Anna Villegas is a retired college English professor who lives in Nevada City, California. Her published work includes many short stories, essays, poems, newspaper columns, and three novels (Synergistic Press, William Morrow, St. Martin's Press).
Why I’m Living in Salem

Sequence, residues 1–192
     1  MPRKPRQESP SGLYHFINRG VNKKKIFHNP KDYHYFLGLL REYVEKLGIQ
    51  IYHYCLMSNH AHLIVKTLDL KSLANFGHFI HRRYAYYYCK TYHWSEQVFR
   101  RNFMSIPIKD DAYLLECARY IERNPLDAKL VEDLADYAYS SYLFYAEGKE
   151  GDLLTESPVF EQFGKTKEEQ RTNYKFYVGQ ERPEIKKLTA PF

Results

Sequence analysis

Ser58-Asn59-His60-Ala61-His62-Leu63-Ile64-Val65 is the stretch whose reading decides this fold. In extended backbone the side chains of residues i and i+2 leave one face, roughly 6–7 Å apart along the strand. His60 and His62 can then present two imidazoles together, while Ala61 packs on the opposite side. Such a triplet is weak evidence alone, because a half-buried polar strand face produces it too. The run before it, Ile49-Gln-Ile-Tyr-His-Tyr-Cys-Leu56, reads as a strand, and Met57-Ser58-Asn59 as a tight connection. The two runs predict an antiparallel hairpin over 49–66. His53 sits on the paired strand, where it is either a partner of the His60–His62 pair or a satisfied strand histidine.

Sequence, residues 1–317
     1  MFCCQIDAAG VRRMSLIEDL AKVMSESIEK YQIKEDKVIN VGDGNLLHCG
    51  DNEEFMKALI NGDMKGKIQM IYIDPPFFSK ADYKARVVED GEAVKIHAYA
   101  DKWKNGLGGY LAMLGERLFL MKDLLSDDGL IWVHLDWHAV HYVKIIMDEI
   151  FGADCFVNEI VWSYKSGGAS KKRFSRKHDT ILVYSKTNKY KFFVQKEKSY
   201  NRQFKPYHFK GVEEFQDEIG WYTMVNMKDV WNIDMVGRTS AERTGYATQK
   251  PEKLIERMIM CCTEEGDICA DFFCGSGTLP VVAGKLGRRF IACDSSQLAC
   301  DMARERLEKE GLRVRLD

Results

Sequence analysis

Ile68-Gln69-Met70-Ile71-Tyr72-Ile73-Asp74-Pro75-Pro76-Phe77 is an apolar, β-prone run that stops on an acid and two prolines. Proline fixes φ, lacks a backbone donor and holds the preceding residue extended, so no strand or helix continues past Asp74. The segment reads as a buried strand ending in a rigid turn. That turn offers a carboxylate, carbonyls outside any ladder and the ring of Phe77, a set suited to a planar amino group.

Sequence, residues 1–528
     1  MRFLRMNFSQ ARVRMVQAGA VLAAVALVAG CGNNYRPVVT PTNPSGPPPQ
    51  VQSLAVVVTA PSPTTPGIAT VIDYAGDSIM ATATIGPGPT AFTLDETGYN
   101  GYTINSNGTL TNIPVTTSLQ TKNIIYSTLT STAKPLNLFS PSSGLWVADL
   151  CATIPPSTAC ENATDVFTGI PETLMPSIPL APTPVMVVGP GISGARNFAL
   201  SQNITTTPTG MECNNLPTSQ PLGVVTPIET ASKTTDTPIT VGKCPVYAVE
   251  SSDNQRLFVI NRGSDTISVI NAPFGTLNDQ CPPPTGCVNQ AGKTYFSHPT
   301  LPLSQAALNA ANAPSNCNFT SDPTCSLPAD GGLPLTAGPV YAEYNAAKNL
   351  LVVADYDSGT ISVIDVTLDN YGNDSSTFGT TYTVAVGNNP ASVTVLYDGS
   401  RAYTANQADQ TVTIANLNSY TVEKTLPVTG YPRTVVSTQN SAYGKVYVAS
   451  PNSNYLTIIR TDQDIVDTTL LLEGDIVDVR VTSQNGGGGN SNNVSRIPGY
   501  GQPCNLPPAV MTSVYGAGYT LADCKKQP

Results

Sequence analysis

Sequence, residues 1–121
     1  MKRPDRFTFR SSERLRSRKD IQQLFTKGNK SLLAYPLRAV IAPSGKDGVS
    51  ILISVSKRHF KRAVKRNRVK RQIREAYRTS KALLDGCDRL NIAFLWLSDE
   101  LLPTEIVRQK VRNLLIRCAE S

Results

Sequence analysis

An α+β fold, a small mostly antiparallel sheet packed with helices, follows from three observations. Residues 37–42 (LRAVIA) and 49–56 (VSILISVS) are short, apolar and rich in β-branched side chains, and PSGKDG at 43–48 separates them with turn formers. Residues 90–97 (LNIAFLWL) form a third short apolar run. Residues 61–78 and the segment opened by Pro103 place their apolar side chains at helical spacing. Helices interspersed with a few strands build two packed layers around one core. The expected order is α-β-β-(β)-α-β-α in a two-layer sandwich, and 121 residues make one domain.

For the past couple of years, I’ve been relishing life in Salem. Not Salem, Massachusetts. Witch trials are so passé. The good folk of my Salem wouldn’t put up with such gossip-driven malice. My Salem is, in more progressive ways than I can count, utopic. It has become the unspoiled destination of my escapist dreams. Of course Salem is not perfect. The occasional lone psychopath perpetrates a kidnapping or bombing every now and again, but on balance, by today’s yardstick, the grass in Salem looks greener than on my side. So, while my neighbors have been dithering about moving to Canada, I’m choosing to spend my time in Salem. Join me. In Salem, not only are hard-working immigrants welcomed, but they also achieve positions of economic and social influence. The Kiriakis family corporation, spanning six generations, is the wealthiest in Salem. Older family members are self-made and bilingual; younger members infuse the corporation with the competitive best of capitalist values and, like Justin Keriakis, pay their debts to society by choosing paths of public service. Then there are the DiMeras, Catholic in faith and catholic in interests. True, in keeping with American business protocol, DiMera Enterprises sometimes strays afoul of the law, but happily the younger corporate officers seem intent on purifying their real estate and telecommunications holdings. Like all good citizens, these forward-thinking scions desire to exorcise any taint of impropriety from their children’s inherited fortunes. Little Charlotte DiMera, the latest-born, can look forward to a trust fund unimpugned by accusations of malfeasance. Siguiente, we have the Hernandez family, one generation removed from Mexico, the walking definition of hybrid vigor. They challenge the supremacy of the DiMera and Keriakis broods while intermingling outside their own clan, producing relationships and children that will ensure, a few offspring down the evolutionary path, homogeneity in the gene pool, of which the tow-headed Arianna Grace is a thriving exemplar. Tribal enmities solved, no walls required. In Salem, everybody has great health care: accessible, immediate, and responsive to individual need. Whether you’re a wayward orphan or a disgraced police officer or a maimed assassin or a beloved doctor—or even an admired CEO!—the Salem University Hospital provides a bed and a bevy of attentive nurses. No treatment is too costly for the lucky citizens of Salem. Nobody in Salem has to wait for dubious insurance approval of exotic or time-sensitive procedures. No college student or barista in Salem fears for the unforeseen future of health care. Without parental support, a job, or a college course to her name, even the miscreant newcomer Jade Michaels has been nurtured by the Salem Hospital and its doctors, who never, ever request proof of insurance. In Salem, a gay relationship is not merely tolerated; it is celebrated, supported and shepherded to poignant marriage by every age bracket in town. Adorable young Sonny Kiriakis, recovering from a break-up with Paul Narita and scandal not of his own making, is rekindling his love for Will Horton. Folk are rooting for them! In Salem, inmates who don’t belong in prison don’t stay there for long. Pardons and reversals are generous. In the past years, defrocked priest Eric Brady’s good works have shortened his sentence for manslaughter by one-fifth. And Hope Williams Brady, killer cop with the great hair, was released from prison because of the murky circumstances surrounding the “murder” of which she was convicted. Gabi Hernandez, repeatedly jailed for what could be seen as errors of judgment, is once again free to bond with her daughter and work at being a better person. The wheels of justice in Salem burn rubber. In Salem, pro bono works and volunteerism are vital. Where the state’s social services leave gaps, the good people of Salem step up to provide scholarships, housing, and jobs. Scarcely a season passes without successful fund-raisers (formal balls and such) benefiting the less entitled of the town. The youth of Salem, with Ciara Brady at the helm, extol composting and energy conservation. No man is an island here! In Salem, the welfare of children (often off-screen, but beloved nonetheless), drives adult machinations. Finding lost or stolen or illegitimate babies is a frequent occupation for men as well as women. They do love their babies and grandbabies and great-grandbabies in Salem. A newly discovered adult grandson like Eli Grant, no matter his complexion, is welcomed just as fervently as a newborn. No child in this magnanimous town is left behind. In Salem, nobody’s past is too inappropriate or too déclassé to be transcended. A prostitute can become an opera singer (the comely Chloe Lane Wesley Black Horton Jonas) or launch a business empire (the wickedly powerful Kate Roberts). Forgiveness—of character and of history—creates plots of opportunity in Salem, where a comeback is the finest act of all. Finally, in Salem, there is no atrophy of manners. All in Salem, from three-year-olds to doddering elders, understand inherently how important grace is to the shared language that recalls the past, binds us in civility to one another, and transforms what is real into what is ideal. Whether confessing deadly sins or proclaiming praise or avowing unending love, the folk of Salem respect both the destructive and the ameliorative power of words, and act accordingly. So I’ve taken up psychic residence in Salem. I’ve swapped the twitter feeds for daytime television, traded alternative facts for an alternative reality where immigrants, health care, and altruism are thriving. And nobody, absolutely nobody, ever has a bad hair day.